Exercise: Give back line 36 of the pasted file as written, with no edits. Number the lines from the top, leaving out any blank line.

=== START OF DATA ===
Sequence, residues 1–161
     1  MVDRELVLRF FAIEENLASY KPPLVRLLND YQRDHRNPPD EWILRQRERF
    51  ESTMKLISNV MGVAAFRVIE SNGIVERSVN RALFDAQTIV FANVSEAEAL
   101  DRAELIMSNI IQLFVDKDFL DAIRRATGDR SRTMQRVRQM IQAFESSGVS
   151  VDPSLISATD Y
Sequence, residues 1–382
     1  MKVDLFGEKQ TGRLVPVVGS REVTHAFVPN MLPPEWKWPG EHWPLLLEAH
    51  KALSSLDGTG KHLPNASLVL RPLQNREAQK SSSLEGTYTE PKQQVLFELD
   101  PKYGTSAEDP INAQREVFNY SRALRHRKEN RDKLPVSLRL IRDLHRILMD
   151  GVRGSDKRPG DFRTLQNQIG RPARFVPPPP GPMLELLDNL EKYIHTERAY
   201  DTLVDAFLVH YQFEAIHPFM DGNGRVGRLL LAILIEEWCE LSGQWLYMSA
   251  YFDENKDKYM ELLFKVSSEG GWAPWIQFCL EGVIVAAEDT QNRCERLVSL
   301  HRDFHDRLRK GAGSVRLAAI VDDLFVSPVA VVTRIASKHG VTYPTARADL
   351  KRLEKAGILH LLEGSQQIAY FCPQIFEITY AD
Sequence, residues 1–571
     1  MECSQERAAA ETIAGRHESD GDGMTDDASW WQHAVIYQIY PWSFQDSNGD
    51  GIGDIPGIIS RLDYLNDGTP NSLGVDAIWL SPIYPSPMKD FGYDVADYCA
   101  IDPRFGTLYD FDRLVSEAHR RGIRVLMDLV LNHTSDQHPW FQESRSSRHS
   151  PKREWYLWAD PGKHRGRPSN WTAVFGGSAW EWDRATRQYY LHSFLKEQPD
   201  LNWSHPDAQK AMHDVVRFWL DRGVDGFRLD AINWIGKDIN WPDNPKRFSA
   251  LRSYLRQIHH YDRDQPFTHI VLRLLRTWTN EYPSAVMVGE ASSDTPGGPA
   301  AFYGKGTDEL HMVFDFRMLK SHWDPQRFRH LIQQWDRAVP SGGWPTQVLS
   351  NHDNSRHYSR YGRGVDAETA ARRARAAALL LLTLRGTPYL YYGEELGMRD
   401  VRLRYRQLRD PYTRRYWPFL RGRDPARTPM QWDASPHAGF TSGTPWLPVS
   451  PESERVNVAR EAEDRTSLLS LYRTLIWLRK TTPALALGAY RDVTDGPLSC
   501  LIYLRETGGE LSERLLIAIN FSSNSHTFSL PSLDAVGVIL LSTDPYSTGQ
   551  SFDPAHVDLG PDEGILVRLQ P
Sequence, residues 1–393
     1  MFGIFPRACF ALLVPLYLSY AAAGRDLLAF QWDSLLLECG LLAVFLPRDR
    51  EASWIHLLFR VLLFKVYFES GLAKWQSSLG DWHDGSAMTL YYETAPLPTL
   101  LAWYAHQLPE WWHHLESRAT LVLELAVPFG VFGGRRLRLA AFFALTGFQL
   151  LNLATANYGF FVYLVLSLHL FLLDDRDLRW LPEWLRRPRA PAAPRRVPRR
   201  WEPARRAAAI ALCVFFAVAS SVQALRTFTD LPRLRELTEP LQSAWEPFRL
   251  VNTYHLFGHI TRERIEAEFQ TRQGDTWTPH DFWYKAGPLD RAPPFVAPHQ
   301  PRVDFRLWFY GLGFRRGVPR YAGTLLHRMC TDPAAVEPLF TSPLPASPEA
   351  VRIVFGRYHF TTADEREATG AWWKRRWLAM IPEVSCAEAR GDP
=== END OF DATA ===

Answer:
   351  VRIVFGRYHF TTADEREATG AWWKRRWLAM IPEVSCAEAR GDP